News Category

Achieving Sustainability Goals with Reformulation

As companies look for efficient ways to lower their overall environmental impact, Pulse Canada is providing the data and evidence to help achieve corporate sustainability goals.

Denis Tremorin Director, Sustainability

Jan 24, 2022

Share this content:

“What impact does this product have on the environment?” As we progress further into the environmental movement, not only is this question getting harder to answer, but the strength of the answer impacts more stakeholders than ever before. While the industry continues to raise the bar for sustainability, making reformulations with Canadian pulses can help you decrease environmental impacts and reach your corporate sustainability goals.

Pulses have a naturally lower carbon footprint than most foods because they require little to no nitrogen fertilizer to grow. This is because they have a special relationship with certain soil bacteria that convert nitrogen from the air into a form that is usable to the growing pulse crop. Beyond that, Canadian farmers have adopted practices such as minimum tillage and reducing fallowing, which are practices that have been proven to sequester large amounts of atmospheric carbon into soils. This sequestration of soil carbon negates the carbon emissions of producing a pulse crop, creating a carbon-neutral or even a carbon negative crop. It’s no wonder simple reformulations can have a major impact.

There is a great opportunity for collaboration with sectors such as livestock as we work toward uncovering more efficient GHG mitigation solutions. Pulse Canada commissioned a research project investigating the impact of including Canadian peas in animal feed rations for Western Canadian pork. The findings were clear—through a change in hogs’ rations towards a pea-based diet, producers can cut out 28% of the GHG emissions of the feed, which, in turn, lower the end product’s carbon footprint by up to 18%.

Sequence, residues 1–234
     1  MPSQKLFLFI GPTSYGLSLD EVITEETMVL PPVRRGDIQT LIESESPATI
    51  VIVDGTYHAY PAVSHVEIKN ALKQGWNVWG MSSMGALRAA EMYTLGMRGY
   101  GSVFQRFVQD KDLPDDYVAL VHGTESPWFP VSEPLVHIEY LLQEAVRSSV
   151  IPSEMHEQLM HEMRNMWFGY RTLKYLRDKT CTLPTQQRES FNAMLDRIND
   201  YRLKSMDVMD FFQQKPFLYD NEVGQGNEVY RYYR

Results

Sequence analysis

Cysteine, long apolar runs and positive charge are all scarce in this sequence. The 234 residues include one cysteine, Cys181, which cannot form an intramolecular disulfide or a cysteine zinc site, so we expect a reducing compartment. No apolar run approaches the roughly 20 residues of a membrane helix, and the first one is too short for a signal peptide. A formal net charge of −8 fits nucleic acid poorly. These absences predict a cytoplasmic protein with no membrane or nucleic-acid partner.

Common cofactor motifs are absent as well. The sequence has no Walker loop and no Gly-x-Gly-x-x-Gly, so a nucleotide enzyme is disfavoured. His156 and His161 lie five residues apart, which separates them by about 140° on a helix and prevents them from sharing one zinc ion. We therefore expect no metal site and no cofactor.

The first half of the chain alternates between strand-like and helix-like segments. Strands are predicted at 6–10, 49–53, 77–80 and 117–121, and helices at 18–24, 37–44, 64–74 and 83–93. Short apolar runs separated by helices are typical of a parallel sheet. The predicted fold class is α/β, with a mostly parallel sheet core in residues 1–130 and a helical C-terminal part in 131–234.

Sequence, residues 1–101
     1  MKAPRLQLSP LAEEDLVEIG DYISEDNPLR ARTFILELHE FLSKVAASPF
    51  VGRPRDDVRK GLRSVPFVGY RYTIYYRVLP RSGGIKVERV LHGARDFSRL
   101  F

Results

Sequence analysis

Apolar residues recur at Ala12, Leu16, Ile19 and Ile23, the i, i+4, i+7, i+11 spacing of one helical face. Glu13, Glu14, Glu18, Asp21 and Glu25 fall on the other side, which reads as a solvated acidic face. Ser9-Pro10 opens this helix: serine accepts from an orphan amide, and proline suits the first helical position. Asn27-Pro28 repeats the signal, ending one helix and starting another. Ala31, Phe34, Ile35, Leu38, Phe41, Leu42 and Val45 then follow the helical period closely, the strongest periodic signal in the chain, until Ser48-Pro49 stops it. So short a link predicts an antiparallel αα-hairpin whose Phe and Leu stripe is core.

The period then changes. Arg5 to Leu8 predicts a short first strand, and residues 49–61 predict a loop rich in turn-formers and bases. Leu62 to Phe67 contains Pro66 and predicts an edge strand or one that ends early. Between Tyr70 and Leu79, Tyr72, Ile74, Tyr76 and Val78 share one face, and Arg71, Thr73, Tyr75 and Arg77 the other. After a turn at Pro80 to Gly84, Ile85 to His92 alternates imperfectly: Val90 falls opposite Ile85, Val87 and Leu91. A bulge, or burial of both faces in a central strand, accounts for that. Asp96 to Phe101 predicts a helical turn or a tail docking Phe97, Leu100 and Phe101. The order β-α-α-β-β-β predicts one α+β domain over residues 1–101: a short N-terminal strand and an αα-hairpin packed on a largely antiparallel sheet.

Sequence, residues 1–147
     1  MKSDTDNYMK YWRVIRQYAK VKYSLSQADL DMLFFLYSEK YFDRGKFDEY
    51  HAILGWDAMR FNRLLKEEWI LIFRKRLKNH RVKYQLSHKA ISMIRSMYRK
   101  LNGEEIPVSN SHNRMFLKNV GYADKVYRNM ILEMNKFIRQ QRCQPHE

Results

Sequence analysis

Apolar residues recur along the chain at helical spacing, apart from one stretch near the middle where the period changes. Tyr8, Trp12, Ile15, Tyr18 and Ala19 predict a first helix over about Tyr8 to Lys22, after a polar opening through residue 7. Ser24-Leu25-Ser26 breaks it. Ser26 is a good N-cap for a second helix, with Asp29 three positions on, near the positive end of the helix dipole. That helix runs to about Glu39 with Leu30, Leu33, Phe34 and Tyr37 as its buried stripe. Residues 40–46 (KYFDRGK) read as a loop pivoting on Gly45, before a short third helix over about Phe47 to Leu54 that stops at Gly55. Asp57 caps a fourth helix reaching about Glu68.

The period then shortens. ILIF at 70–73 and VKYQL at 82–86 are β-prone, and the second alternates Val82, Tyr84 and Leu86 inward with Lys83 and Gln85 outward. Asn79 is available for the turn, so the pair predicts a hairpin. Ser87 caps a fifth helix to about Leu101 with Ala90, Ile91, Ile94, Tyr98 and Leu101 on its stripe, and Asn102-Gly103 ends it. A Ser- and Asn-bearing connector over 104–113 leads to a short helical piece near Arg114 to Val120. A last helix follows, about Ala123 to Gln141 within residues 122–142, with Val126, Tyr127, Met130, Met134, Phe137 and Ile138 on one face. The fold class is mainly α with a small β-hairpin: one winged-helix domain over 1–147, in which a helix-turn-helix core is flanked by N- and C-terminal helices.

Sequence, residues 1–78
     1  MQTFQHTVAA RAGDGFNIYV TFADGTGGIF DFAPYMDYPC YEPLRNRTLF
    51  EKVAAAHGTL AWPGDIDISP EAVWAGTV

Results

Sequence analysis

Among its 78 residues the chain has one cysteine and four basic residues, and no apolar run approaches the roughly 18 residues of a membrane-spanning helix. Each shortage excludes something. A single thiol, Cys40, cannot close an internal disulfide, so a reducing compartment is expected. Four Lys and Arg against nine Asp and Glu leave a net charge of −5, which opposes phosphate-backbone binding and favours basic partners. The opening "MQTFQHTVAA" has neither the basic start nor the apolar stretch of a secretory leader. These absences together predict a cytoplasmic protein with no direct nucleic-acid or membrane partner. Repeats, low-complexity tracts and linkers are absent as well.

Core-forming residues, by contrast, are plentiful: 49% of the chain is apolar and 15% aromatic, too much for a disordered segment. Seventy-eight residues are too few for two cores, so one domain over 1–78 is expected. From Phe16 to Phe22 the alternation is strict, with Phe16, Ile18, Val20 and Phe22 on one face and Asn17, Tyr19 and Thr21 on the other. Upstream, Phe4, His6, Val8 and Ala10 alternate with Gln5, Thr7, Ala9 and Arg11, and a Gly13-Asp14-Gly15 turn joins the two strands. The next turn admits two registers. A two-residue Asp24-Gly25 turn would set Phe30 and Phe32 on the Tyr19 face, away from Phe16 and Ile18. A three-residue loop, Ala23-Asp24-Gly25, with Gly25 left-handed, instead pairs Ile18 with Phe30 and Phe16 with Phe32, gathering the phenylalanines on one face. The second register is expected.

Similarly, a reformulation applied to cereal food products can result in significant sustainable and nutritional gains. Canadian-specific production data and macro- and micronutrient data were used to calculate environmental footprints and nutrient balance scores (NBS) for traditional and reformulated pan bread, breakfast cereal and pasta. The results were substantial, with carbon reductions of up to 30%.

Canadian pulses and pulse growers are finally getting the opportunity to prove their value as a multi-tool ingredient. The Canadian value chain has been working together to leverage the power of Canadian pulses, with processors continually expanding their portfolios as new developments are made. Throughout our research, we’ve found that reformulating foods with Canadian pulse ingredients efficiently lowers the carbon footprint of an end product without forfeiting taste, texture or functionality. As companies look for efficient ways to lower their overall environmental impact, Pulse Canada is providing the data and evidence to help achieve corporate sustainability goals.

Sustainability Mini Webinar Series

To learn more about formulating for sustainability, join us this Wednesday, January 26 for part two of our mini webinar series: Crafting Sustainable Food & Achieving Your Corporate Goals With Reformulation.

Save Your Seat
Share this content:

Pulse Canada is the national association of growers, traders and processors of Canadian pulses, also known as lentils, dry peas, beans and chickpeas. Pulses are an essential part of a healthy and sustainable diet. Pulses and pulse ingredients can help food manufacturers improve the nutritional and functional quality of food products.